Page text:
You’re probably doing the Idaho stop wrong
Many are pushing for 'stop as yield' here in Canada, but it has to be done right
If you’ve been following the recent ticketing sprees in High Park, Toronto, you may have read about how many cyclists are calling for cities to adopt the “Idaho stop” rule.
The Idaho stop, or “stop as yield” is legal in nine states in the U.S. (including, well, you know, Idaho). It became law in Idaho way back in 1982, and in 2017, Delaware followed suit and also adopted it for cyclists.
Some studies say that the Idaho stop is actually safer for cyclists, and cars. Currently, the Highway Traffic Act states that bicycles are required to come to a full and complete stop at all stop signs or red lights. The Idaho stop is not legal in Canada, despite there being a big push for it.
Edmonton asks province to consider Idaho stop in revised traffic code
A study published by DePaul University in Chicago had some interesting findings on the Idaho stop. The research showed that not only is it safe, the research concluded, but yielding to riders and letting them “take the lead” at intersections, whether controlled by stop signs or red lights, may in fact be more efficient.
That being said, it must be stressed that the Idaho stop is not legal in any province in Canada.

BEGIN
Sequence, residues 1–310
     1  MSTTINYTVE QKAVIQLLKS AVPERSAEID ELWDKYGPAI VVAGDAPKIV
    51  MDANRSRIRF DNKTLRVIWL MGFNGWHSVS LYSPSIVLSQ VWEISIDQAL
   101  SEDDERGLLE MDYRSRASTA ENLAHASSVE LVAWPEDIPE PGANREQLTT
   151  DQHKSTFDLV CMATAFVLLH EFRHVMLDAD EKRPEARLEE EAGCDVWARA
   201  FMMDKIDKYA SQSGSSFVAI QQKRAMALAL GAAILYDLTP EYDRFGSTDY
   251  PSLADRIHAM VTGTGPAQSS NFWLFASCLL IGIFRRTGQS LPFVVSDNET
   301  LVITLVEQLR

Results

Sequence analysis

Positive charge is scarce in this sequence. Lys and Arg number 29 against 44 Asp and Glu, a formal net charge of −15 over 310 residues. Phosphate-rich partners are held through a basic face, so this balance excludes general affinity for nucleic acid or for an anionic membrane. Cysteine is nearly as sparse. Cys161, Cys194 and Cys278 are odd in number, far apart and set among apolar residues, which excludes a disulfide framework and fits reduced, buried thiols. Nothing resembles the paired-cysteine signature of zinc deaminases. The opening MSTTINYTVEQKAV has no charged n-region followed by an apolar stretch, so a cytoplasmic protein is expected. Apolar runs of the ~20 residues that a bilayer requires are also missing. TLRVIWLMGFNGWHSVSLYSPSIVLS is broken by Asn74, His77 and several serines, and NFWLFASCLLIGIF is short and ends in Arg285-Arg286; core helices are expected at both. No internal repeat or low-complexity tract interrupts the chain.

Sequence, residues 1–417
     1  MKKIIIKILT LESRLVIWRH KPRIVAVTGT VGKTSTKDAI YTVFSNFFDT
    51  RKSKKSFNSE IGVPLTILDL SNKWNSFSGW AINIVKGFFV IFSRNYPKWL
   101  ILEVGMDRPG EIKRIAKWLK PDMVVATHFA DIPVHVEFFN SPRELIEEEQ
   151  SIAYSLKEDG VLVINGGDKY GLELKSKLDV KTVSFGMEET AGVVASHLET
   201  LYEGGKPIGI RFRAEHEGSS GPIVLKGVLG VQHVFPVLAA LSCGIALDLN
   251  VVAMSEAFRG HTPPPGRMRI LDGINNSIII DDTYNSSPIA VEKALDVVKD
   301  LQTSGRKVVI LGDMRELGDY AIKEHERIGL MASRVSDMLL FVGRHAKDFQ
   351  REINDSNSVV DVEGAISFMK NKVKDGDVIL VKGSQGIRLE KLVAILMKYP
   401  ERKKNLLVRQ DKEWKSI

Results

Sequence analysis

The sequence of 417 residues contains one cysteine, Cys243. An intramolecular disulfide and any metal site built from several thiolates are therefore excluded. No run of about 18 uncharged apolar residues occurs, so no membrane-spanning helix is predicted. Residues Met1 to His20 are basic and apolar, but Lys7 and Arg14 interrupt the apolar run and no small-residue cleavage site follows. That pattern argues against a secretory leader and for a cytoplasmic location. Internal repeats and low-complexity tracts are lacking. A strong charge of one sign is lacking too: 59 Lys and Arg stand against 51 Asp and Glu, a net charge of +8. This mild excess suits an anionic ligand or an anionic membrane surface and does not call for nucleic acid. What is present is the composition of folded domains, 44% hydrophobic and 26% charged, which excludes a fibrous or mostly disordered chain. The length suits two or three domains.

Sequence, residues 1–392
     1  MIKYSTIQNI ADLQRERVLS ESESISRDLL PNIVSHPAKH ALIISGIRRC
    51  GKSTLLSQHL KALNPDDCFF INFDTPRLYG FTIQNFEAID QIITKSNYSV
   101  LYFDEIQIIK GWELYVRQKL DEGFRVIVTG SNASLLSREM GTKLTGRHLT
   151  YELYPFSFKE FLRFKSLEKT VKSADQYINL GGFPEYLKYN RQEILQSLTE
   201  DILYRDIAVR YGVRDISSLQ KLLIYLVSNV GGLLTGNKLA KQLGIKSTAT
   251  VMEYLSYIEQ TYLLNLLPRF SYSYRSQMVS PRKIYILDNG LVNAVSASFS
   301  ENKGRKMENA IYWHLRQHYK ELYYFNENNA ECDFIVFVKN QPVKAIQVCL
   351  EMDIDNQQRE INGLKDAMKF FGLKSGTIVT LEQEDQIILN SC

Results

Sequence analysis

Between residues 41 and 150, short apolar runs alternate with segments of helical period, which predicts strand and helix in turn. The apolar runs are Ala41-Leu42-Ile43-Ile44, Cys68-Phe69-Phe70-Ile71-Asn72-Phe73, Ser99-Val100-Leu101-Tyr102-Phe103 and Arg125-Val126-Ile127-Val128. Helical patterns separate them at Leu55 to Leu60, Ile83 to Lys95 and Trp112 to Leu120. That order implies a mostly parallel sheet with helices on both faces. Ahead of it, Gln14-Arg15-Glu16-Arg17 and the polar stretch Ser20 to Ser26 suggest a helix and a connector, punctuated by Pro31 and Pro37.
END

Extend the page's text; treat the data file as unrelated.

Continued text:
But let’s say, hypothetically, you were rolling through a quiet residential area in one of those nine states and decided to do an Idaho stop. An Idaho stop isn’t just rolling through a stop sign at full blast. The idea is you treat the stop sign as a yield, however. It doesn’t mean you race right through it.
It means that you should reduce your speed. In states where the Idaho stop is legal, the requirement is that the rider can go through the intersection at “a reasonable speed.” Some states put that speed limit at 15 mph, or 24 km/h, but some municipalities reduce that to 10 mph, or 16 km/h, depending on the surroundings.
So it doesn’t mean that you just coast through the intersection, oblivious to other riders, pedestrians or cars coming from your right or left. It’s dangerous enough out there with cars these days, getting smoked by another cyclist would be quite the drag.